4 Whether appearance and practice equate with one another, is a serious and disputed issue. In 2007 and 2008, the congregation list included Christian congregations from outside the Parish lines (contrary to the letter of the policy), but included no churches of other, non-Christian denominations, even though there are some closer to Tangipahoa Parish than the additional Christian churches located outside of Tangipahoa Parish. Indeed, during oral argument, counsel for the School Board admitted that Ms. Jenkins twice (mistakenly) invited Christian clergy from outside the Parish, but never “mistakenly” or otherwise invited non-Christian clergy from outside the Parish. That is of concern to the Court.

The Board has no editorial power over the prayer’s content. It keeps its distance. With its written disclaimer printed on each meeting agenda, the Board specifically denies any approval or endorsement of the religious beliefs or views of the invocation speakers. (When defendant Caves, the Board’s Policy Committee Chairman, was asked if someone would be allowed to deliver a Satanic invocation, he responded: “. . . As long as it follows the policy, I don’t care what denomination they are. . . .[W]e can’t discriminate.” Other Board members, however, have suggested that the intent of the policy was to begin the meetings with Christian prayer.)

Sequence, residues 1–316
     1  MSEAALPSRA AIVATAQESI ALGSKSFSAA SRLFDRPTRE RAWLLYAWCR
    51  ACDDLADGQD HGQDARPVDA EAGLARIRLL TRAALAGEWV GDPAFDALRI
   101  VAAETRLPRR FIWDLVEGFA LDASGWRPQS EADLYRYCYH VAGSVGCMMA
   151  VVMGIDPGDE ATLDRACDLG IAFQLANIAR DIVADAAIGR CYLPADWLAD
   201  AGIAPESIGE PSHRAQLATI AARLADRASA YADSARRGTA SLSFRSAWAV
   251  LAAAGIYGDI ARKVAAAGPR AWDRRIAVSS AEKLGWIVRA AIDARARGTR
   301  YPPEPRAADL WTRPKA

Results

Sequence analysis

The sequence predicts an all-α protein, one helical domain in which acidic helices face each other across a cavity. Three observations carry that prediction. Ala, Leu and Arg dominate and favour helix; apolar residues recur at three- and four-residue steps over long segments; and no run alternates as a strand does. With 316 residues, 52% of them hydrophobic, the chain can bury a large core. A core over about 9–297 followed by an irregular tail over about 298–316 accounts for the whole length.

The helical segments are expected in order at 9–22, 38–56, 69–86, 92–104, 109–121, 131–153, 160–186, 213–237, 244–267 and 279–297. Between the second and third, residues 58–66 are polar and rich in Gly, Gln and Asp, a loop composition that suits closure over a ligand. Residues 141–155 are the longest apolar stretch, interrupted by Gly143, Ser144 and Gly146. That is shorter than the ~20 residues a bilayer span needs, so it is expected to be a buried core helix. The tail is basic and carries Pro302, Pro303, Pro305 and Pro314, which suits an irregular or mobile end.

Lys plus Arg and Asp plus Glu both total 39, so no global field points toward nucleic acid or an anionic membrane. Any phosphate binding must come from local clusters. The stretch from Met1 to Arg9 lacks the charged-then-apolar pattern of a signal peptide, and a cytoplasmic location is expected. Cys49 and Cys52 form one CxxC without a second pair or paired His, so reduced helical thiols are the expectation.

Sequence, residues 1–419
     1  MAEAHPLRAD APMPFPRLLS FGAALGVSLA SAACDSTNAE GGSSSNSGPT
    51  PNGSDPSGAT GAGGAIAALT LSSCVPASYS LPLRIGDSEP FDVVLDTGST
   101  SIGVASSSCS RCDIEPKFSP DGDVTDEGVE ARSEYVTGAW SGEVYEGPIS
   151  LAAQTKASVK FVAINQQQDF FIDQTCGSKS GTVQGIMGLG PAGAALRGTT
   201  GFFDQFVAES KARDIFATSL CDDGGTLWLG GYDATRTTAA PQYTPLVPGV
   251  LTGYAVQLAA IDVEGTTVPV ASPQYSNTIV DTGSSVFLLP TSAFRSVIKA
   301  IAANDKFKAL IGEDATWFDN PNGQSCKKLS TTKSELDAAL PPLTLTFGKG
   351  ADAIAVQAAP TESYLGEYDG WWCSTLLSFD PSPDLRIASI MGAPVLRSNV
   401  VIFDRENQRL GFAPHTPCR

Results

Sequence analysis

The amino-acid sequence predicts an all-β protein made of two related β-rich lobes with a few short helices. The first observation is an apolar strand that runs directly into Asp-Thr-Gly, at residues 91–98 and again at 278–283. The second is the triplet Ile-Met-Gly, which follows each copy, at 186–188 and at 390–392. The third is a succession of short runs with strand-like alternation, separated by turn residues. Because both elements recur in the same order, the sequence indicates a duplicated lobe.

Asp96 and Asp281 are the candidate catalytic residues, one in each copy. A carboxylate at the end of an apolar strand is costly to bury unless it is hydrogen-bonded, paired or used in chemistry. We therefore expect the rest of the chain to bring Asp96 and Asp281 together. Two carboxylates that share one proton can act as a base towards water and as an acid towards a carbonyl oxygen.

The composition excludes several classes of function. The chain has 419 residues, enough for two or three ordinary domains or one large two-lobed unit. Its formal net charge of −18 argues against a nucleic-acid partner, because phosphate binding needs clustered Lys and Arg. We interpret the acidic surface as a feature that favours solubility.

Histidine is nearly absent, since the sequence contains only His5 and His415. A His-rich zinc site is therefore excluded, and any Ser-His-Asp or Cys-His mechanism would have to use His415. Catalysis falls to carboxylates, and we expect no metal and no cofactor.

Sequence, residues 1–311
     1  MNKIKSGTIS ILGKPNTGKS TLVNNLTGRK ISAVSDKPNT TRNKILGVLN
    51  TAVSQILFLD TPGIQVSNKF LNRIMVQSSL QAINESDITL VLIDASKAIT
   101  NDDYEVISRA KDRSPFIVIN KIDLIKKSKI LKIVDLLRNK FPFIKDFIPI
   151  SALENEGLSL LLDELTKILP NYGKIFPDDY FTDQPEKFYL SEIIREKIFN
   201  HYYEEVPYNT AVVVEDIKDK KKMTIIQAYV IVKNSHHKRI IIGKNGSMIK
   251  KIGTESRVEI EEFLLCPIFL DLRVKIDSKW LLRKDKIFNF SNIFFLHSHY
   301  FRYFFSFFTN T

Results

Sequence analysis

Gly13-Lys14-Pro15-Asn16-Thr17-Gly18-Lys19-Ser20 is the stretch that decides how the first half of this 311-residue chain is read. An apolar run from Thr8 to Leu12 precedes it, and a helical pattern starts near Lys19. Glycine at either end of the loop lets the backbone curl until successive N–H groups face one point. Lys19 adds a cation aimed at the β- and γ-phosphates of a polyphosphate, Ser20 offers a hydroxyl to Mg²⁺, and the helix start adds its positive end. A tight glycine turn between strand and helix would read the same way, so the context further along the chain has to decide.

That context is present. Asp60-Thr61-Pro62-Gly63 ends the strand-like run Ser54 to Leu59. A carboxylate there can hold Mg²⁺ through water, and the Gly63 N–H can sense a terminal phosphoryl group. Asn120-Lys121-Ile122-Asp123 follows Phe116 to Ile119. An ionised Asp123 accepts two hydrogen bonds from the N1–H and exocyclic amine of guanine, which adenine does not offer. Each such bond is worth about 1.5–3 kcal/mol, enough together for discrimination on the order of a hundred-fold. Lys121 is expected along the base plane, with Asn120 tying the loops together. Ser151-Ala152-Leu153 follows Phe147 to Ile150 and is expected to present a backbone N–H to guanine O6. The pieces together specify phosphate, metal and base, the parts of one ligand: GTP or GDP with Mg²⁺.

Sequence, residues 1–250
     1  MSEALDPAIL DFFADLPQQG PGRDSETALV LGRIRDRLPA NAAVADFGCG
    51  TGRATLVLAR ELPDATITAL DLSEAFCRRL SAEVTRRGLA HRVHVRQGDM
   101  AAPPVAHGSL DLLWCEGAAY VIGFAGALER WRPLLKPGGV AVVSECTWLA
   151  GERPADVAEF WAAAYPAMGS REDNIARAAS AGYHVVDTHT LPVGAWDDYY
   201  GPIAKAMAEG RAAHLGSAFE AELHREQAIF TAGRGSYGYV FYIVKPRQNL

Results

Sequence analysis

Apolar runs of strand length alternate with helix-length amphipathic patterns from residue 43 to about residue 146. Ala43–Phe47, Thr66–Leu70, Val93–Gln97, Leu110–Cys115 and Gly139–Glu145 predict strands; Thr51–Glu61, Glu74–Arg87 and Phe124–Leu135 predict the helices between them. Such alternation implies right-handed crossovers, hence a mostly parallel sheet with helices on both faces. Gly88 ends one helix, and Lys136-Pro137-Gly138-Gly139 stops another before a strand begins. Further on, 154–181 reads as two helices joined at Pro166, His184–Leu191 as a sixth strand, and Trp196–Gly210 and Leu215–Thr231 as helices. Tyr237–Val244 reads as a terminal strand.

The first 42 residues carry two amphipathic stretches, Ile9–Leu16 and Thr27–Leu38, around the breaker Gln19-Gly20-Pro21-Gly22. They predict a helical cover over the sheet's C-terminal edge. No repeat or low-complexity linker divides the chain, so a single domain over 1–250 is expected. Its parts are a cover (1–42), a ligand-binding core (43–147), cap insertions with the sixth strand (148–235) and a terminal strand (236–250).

The pre-meeting prayer is voluntary: it is offered 5 to 7 minutes before the Board meeting begins, and is followed by a 3 to 4 minute break before the opening gavel and formal call to order. 5

5 Members of the public are free to enter and exit the meeting room at will through a set of doors in the back of the room.